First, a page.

Which is, naturally, where the concept of shared mobility enters the fray. “If a system exists to reward people financially for not using single occupancy vehicles at peak times, the roads can be reclaimed through the simple expedient of road spectrum yield management - in short people lease road space (and mobility options such as electric bikes or, for example, cargobikes) in the same way as they do hotel rooms. The difference being that when not using the space for their vehicles, they are rewarded. This permits people and organisations to optimise how transit resources are consumed to maximise the reward.”

Shared mobility partnerships bearing fruit

You know that when the giants of the ITS and traffic management industry get involved in a “disruptive” market that they haven’t done so without earmarking the new idea as potentially lucrative and ground-breaking. As a case in point San Francisco-based shared electric mobility providers Lime recently announced that they have teamed up with SWARCO to improve street safety conditions for bike and scooter riders, focusing on reducing conflict between cars and micromobility users at intersections to better protect vulnerable road users.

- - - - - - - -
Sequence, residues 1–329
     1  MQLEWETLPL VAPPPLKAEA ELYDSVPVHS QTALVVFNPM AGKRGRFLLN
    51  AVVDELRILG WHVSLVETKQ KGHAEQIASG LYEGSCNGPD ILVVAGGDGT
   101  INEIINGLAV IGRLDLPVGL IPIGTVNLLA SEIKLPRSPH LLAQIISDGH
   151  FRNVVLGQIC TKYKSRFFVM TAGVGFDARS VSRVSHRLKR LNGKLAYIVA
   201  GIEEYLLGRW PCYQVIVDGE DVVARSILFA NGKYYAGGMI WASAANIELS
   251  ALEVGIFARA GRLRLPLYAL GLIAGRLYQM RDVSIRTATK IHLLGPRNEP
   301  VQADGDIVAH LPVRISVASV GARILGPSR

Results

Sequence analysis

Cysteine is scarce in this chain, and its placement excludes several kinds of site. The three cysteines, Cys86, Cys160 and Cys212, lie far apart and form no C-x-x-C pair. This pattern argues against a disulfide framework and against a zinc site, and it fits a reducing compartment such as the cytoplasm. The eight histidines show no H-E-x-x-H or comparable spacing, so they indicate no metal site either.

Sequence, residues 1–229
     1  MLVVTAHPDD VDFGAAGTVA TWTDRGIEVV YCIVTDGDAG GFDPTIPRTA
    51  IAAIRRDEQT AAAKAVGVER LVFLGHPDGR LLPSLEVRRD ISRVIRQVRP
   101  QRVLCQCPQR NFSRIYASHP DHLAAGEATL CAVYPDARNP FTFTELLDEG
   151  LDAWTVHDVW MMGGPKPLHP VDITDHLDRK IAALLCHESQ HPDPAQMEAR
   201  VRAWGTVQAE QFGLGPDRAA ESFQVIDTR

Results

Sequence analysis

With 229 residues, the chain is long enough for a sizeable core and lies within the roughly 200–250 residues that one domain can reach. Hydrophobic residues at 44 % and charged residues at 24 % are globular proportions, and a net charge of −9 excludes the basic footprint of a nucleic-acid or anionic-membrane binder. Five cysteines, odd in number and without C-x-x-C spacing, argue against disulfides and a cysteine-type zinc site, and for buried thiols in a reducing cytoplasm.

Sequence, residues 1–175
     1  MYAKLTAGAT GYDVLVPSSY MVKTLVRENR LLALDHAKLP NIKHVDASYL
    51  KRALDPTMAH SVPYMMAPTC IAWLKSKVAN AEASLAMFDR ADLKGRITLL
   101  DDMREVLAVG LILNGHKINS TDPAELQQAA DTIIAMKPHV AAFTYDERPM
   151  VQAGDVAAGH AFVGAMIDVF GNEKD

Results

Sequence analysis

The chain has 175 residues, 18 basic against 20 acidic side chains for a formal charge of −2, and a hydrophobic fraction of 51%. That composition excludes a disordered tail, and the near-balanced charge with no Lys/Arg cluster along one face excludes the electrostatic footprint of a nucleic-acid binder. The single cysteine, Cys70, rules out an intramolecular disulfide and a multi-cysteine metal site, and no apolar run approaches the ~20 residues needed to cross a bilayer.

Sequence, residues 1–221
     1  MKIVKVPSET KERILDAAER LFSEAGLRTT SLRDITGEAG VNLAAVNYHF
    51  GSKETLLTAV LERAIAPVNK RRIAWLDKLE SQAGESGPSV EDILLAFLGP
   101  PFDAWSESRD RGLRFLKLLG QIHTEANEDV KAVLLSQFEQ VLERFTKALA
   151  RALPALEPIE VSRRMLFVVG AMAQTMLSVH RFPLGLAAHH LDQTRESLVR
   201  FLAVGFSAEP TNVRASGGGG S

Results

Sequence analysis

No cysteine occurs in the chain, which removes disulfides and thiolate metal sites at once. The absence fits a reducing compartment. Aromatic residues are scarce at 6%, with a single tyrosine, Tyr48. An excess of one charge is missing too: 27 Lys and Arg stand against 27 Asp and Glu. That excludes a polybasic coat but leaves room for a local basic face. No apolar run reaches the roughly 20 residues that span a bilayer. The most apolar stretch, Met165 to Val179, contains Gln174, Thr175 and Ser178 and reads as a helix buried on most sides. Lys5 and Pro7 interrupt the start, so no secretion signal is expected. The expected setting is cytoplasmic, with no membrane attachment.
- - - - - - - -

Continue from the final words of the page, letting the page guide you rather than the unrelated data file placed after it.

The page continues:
Lime scooter

Photo: Lime

“We know that intersections are key areas where conflict between cars and micromobility users are more likely to occur, which is why we’re excited to partner with SWARCO to reduce the potential for crashes,” says Annie Chang, Director of Safety Programs at Lime. “We’re encouraged by SWARCO’s leadership in providing traffic management solutions throughout Europe and believe that with Lime’s unparalleled expertise in micromobility data, we can make a real impact in improving safety for all road users, including pedestrians, cyclists and scooter riders.”